https://doi.org/10.1371/journal.pone.0044752.g008

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Table 1. Quantitative analysis of arteriole density in the limbs of diabetic and non-diabetic rats.

https://doi.org/10.1371/journal.pone.0044752.t001

A significant correlation was found between MR outcomes and histological results (Table 2).

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Table 2. Relation between the T1W and between MRS and histological outcomes respectively.

https://doi.org/10.1371/journal.pone.0044752.t002

Discussion

Magnetic resonance (MR) techniques have recently shown enormous potential for assessing in-vivo and non-invasively, the pathophysiological aspects and the treatment response in small animal models of disease [29][31]. Differently from invasive and post-mortem methods, MR-based protocols are also able to longitudinally investigate the disease progression and the therapeutic effects over time, taking into account the inter-individual features. However, the validation of the MR protocol is still an issue that needs to be addressed. In this context, we evaluated the feasibility of using MR techniques for in-vivo assessment of a rat diabetic model of limb ischemia. To validate our MR protocol, we compared MRI and MRS outcomes with immunoblotting and immunofluorescence results.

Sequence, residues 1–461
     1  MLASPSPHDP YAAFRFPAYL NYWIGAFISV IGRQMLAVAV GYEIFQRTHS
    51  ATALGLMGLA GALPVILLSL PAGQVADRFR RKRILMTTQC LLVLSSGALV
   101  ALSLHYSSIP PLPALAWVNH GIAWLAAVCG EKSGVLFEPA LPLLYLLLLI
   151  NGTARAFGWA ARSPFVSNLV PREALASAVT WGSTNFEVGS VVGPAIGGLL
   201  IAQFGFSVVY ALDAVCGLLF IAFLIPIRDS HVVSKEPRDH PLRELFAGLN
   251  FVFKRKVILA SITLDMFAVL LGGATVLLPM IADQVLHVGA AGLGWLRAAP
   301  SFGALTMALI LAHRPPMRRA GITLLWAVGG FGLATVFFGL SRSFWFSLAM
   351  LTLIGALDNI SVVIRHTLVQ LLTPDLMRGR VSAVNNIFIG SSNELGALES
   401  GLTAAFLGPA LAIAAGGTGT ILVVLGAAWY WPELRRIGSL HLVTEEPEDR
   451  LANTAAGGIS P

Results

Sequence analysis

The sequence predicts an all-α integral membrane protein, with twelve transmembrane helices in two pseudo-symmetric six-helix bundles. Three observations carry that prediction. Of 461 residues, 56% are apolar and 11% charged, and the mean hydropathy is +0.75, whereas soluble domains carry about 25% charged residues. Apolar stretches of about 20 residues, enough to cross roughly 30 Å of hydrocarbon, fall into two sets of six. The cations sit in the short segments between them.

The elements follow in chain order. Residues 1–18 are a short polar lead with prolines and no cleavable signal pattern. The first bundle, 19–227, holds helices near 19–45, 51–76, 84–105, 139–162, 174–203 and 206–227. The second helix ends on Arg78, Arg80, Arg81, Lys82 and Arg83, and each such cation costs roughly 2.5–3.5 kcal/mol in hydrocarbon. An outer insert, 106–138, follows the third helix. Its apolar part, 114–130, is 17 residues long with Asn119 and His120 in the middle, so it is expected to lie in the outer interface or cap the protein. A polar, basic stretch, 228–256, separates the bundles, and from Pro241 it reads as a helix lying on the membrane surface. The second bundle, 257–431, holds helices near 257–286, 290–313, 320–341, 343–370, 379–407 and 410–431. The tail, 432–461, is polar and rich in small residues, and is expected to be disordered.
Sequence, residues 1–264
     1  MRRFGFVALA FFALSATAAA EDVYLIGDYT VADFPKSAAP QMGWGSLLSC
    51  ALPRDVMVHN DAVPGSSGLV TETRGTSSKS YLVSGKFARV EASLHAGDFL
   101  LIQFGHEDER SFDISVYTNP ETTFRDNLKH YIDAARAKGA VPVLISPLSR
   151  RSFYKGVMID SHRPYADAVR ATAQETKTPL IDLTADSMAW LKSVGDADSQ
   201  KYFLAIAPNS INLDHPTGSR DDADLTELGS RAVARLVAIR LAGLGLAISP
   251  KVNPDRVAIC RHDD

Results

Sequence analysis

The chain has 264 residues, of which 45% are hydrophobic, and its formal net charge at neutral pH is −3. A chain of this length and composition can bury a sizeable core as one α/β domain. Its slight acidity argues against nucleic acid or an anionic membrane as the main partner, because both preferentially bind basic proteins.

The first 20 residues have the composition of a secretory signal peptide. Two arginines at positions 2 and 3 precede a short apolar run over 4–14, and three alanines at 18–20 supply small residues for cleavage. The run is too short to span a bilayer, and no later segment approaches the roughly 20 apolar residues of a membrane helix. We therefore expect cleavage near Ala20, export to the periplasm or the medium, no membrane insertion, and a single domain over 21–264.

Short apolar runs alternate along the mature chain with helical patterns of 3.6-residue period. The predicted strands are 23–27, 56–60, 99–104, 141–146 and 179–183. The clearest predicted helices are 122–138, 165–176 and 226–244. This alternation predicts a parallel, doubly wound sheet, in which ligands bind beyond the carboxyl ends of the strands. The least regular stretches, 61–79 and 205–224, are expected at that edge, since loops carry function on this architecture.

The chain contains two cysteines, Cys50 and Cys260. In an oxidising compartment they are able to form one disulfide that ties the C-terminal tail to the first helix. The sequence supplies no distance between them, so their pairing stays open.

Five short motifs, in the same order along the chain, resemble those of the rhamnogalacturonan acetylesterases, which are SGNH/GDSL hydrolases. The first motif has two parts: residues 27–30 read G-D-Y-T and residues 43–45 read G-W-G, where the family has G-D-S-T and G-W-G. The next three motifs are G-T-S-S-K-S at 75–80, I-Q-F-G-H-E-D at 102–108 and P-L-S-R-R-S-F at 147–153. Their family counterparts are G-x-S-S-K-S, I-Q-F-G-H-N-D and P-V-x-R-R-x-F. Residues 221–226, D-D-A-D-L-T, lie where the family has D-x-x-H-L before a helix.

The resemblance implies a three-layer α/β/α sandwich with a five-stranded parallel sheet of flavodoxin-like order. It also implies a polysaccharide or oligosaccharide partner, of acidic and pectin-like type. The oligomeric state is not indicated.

MRA confirmed that the occlusion was effective in all rats, showing a signal void due to the flow discontinuation in the right common iliac-femoral artery consistent with vessel ligation.

MRI is able to detect structural changes in specific ischemic areas. Particularly, an asymmetric profile order in STIR sequences was used to provide an independent parameter selection of TE, echo spacing and turbo factor. MRI allows to select relatively short TE with a relative large turbo factor and, using full scan without image blurring, to improve the signal-to-noise ratio. A short TE reduces the muscle signal degradation [32], helping to provide anatomical details about oedema size and its localization. In agreement with MRI studies on the animal model of limb ischemia [33], [34], we showed the presence of tissue swelling and signal hyperintensity in the right hind limb of all rats who had undergone femoral artery ligation.